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November 91 - User Selected Folders & Indexing Through Directories

User Selected Folders & Indexing Through Directories

Dan Wendin

MacApp 2 programmers can usually ignore working directories; however, you need to use them when the user selects a folder and your program accesses the files in it without further user interaction. Selecting a folder gives you a real directory and MacApp 2 usually expects a working directory.

Working directories were introduced with the Hierarchical File System (HFS) in 1986 as a way to maintain compatibility with the original flat file system. They are returned by the standard file dialogs and passed to the MacApp 2 file methods that deal with opening files.

Most applications let MacApp 2 take care of this. And the file manager chapter in Inside Mac Volume IV covers working directories in gruesome detail, making it difficult to sort out what you need to know. Hence this article.

To set the stage, suppose your file-based application has an Export function to generate a text file for a 4D data base application. To make things easier on the 4D application, the user can export any number of files into a single export file with a fixed name. The user puts all the files to be processed into one folder before starting your application. In your application, the user selects a folder and you take care of everything from that point on.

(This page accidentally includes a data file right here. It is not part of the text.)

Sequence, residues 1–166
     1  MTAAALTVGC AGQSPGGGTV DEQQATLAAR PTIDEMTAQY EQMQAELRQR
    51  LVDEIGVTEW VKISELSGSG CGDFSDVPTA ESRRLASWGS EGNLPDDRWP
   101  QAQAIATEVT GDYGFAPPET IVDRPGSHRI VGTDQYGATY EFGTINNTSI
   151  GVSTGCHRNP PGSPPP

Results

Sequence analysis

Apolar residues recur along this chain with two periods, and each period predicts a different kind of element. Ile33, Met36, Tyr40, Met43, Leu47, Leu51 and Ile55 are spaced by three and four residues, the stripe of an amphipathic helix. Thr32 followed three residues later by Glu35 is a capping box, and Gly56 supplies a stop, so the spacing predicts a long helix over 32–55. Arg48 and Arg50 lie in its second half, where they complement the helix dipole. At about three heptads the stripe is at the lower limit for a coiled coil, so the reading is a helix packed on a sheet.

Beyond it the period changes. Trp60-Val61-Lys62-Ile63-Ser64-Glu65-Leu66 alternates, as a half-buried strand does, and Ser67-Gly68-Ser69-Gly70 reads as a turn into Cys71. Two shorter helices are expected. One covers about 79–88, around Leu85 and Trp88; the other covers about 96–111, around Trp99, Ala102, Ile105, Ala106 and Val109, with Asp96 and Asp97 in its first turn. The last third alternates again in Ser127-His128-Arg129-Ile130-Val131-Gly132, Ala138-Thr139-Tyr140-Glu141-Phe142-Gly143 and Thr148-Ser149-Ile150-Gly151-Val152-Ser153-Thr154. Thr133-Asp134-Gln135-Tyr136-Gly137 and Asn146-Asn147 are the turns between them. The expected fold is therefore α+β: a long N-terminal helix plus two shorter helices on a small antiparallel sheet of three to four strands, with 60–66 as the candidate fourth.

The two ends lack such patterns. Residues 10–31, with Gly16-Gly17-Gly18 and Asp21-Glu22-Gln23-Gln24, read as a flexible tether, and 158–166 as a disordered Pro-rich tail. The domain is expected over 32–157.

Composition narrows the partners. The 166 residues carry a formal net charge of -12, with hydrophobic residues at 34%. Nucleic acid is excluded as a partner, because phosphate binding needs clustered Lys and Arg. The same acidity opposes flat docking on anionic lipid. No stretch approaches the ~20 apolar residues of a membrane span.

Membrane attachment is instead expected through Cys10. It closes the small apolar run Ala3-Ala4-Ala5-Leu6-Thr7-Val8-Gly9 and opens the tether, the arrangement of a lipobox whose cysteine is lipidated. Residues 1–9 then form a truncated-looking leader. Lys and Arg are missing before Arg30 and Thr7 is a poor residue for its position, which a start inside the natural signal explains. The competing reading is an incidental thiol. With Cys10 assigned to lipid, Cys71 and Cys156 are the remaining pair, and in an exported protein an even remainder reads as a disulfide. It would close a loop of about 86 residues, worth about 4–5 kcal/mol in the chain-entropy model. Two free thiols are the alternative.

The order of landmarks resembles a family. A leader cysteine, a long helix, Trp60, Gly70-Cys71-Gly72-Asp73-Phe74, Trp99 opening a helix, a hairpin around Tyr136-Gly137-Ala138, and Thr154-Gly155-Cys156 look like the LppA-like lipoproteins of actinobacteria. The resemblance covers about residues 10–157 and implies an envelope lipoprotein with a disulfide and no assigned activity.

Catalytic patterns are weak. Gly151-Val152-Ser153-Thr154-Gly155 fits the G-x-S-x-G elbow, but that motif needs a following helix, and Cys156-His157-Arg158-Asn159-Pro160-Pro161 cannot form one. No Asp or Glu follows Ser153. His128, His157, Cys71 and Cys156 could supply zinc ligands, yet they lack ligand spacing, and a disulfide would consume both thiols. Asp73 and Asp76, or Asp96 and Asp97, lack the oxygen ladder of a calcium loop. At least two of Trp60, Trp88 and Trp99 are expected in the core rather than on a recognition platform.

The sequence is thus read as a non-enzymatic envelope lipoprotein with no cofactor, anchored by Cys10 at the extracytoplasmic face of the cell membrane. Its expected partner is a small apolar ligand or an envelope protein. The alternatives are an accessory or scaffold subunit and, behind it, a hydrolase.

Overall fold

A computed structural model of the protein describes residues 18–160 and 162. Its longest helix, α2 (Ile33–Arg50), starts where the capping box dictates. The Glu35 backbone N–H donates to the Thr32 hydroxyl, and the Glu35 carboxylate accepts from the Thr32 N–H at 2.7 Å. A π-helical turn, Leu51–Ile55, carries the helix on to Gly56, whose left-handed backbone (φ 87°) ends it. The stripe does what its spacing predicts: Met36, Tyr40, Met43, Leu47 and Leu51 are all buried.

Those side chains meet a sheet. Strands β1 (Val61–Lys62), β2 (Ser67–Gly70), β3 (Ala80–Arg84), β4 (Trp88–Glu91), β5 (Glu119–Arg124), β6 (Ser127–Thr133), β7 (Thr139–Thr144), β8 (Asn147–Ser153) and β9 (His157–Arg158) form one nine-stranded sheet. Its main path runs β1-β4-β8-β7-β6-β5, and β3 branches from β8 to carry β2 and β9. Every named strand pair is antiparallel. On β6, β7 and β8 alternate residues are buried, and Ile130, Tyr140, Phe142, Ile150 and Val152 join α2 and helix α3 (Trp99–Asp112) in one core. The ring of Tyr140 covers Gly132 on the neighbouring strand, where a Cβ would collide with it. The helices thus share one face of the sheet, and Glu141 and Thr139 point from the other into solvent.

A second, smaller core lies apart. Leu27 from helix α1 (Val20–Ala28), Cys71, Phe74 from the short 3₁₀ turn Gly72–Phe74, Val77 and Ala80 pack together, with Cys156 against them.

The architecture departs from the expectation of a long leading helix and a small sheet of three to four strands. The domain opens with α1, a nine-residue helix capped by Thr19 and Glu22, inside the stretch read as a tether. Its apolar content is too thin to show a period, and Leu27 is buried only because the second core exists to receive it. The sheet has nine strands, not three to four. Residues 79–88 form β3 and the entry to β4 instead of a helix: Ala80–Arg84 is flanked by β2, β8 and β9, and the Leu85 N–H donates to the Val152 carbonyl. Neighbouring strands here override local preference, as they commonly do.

I have implemented a set of file based objects similar to Tom Becker's approach in his April Frameworks article and which (hopefully) anticipate MacApp 3. This is reflected to some extent in the sample code on the FrameWorks Disk.


I adapted the code in DTS's sample code SC.018.StdFile to work with MacApp 2. This puts up a slightly modified version of the selection dialog used by MPW's Set Directory command (Figure 1). This dialog is a real DLOG/DITL resource pair, not a MacApp dialog. Its definition must be copied into one of your myApp.r files and then created using Res.

Once you have it in a myApp.rsrc file, you can change it using ResEdit or AppMaker (the standard AppMaker version 1.1, not the MacApp version 1.2). ViewEdit cannot access these resources.

The Select Button completes the selection process. Double clicking on a folder (or clicking the Open button) opens the folder and displays the folders one level down. The Select Current Folder button keeps the user from having to go up one level to select the current folder.

The call to SFPGetFile that displays the dialog looks like this:

SFPGetFile(where, '', @FoldersOnly, numTypes, pTypeList^,
            @FolderHook, gFolderReply, kGetFoldersDlgId, nil);